They say software is eating the world, very true, but it has become even more clear that OSS components are eating the software world. This amazing revolution is driving unimagined gains in innovation and efficiency in our ability to deliver software. Think Uber, here is a new leader in the transportation industry without owning a single vehicle. Every major Enterprise and even most medium and small companies are software producers – and free and open software components are driving this dramatic shift in our world.
For several years, we at Sonatype have been messaging the idea that effectively managing your software supply chain is critical, the next great borrow from Edwards Deming and the manufacturing industry. Sonatype was ahead of the curve for sure, but the idea is now becoming mainstream as highlighted by recent Forrester and Gartner reports: DevOps and Supply Chain Management, and Sonatype DevSecOps.
How Do We Effectively Manage Our Software Supply Chain
So what drives effective supply chain management? At the core is accurate, timely, and comprehensive component intelligence. Without complete and accurate data, the fanciest reports and the slickest integrations have little value.
From a technical perspective, the best measure of accuracy and completeness is a fewer number of false positives and false negatives; a false positive is a known security vulnerability assigned to a component which does not have the vulnerability, a false negative is missing a component that has a known vulnerability. So let’s dive into both false positives and false negatives and illustrate how Sonatype’s Lifecycle Solution is so unique.
It’s been my experience, that so many of the application scanning tools that scan and report CVE’s on components include a LOT of false positives – as much as 70%. A high false positive rate generates a tremendous amount of useless work, negates any attempt at automation, and may even undermine your entire compliance process.
Why do you think false positives are so prevalent? So many other solutions scrape data from public sites such as NSVDB, VULN-DB and other sources and do naive (but automated) things like “name-matching” or “fuzzy logic” to try to determine which component the vulnerability exists. Couple that with mistakes in the original vulnerability description from the public sites and incorrect fixes, and the result is many false positives.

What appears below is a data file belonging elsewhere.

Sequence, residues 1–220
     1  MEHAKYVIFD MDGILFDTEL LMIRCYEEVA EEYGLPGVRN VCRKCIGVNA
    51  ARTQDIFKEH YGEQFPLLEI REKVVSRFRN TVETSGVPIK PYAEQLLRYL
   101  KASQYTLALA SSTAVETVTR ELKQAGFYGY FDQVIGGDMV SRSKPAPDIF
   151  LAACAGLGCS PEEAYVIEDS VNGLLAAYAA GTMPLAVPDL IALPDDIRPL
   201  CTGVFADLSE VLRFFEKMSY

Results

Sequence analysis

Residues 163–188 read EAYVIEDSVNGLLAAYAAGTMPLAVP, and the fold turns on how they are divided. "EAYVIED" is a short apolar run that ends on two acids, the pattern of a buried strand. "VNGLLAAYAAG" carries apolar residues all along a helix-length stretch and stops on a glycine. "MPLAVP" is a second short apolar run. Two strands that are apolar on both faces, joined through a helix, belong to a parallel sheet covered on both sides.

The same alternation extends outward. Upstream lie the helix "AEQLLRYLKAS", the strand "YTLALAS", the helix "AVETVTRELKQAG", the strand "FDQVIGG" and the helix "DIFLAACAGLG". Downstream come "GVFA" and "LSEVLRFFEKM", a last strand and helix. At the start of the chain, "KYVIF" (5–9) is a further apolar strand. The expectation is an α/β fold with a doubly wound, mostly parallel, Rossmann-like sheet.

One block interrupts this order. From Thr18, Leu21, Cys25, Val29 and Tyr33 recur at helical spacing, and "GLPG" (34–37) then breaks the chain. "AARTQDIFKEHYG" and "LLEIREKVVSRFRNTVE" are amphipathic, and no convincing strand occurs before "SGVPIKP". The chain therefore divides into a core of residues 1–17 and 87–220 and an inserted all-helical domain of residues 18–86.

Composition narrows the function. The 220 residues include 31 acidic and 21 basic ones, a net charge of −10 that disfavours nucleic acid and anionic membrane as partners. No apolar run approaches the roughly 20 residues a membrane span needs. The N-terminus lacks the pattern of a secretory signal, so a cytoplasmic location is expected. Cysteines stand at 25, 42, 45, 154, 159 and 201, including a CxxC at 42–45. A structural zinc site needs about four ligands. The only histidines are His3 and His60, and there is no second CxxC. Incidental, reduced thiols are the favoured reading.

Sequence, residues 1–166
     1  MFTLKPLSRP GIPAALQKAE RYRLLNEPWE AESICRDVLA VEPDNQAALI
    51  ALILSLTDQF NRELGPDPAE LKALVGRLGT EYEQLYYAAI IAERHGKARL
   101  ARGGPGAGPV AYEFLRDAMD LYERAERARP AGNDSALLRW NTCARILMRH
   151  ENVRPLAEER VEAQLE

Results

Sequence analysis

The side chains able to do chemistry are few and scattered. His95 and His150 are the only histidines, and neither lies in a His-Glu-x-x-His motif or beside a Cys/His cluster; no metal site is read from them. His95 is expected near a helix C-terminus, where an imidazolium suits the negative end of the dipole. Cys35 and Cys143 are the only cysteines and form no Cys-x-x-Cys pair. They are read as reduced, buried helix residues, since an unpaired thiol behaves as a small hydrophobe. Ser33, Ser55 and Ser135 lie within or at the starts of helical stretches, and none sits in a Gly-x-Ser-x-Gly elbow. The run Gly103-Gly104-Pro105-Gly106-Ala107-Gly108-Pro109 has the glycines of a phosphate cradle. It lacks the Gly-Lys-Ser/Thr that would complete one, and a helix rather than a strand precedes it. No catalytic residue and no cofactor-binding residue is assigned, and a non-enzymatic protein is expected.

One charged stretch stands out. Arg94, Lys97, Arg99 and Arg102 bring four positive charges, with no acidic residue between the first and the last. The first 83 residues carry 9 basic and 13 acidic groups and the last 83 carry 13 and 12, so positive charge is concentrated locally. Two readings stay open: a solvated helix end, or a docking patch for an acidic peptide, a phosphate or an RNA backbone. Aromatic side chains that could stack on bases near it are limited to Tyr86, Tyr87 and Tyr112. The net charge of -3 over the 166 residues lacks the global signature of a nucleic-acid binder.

The only accurate way to determine which component has a known vulnerability is to have an application security expert review the CVE and then examine the source code that contains the vulnerability, confirm the CVE is correct, and then precisely identify the component with the vulnerability. Time-consuming research is key here.
While false positives are clearly bad and create gross inefficiencies, false negatives have a far greater impact on the risk of your deployed applications. It only takes one false negative to enable a breach – and with the average breach costing 3.1 million dollars, this is no small thing.
But what are some of the contributing factors to false negatives? Here are a few data points I have seen in my work with many companies using various application scanning products.
Trusting That a Reported Fix to a Vulnerability Was Correctly Implemented
Let me give you one example, CVE-2014-0114 on Apache’s commons-beanutils. This supposedly affects all versions through 1.9.1; Sonatype’s research team reviewed the supposed fix that was put into 1.9.2 and determined that 1.9.2 and subsequent versions are still vulnerable when using the default configuration. So the fix is not sufficient by itself; and more importantly, using any version of this component without the required customization leaves your critical application vulnerable to an attack.
Assuming the Vulnerable Code Is Only in One Component
When Sonatype’s data team researches and confirms a vulnerable component, they check their entire eco-system for other components using this same vulnerable code marking them as vulnerable also. The most prominent example of this is the commons-collections vulnerability of 2015; Sonatype found thousands of other components with this same vulnerable code. What’s even more alarming, for this vulnerability, just the presence of any of these components in your class path makes your application susceptible to an attack.
Incorrectly Identifying Which Component Has the Vulnerability
Use of name matching or fuzzy logic always results in many false negatives (and false positives).
We Do Our Homework
Because Sonatype uses a “boots-on-the-ground” approach with a committed team of security researchers, going to the source code to identify the correct component and confirm any supposed fixes; and searching all components in the eco-system for the same vulnerability, we have the lowest false positive and false negative rate in the market.
Or quite simply, we do our homework.